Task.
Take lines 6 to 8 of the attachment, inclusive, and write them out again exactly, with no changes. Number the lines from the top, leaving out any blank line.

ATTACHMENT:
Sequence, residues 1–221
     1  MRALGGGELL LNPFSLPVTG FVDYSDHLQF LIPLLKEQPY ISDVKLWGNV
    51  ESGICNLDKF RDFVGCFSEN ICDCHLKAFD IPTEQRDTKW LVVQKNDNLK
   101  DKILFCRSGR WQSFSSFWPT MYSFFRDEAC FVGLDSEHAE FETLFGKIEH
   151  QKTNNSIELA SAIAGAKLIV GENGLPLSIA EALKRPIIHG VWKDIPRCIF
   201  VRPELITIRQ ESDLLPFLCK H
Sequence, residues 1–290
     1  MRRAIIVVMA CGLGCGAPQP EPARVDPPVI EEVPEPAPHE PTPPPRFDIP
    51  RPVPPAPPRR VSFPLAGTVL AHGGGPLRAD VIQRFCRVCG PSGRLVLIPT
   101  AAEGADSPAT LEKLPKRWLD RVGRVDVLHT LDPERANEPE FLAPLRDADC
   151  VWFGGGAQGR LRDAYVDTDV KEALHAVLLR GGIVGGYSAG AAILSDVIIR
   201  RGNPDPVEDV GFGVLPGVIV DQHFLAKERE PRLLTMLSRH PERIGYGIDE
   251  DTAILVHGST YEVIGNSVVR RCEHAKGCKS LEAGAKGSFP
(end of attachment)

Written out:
   201  VRPELITIRQ ESDLLPFLCK H
Sequence, residues 1–290
     1  MRRAIIVVMA CGLGCGAPQP EPARVDPPVI EEVPEPAPHE PTPPPRFDIP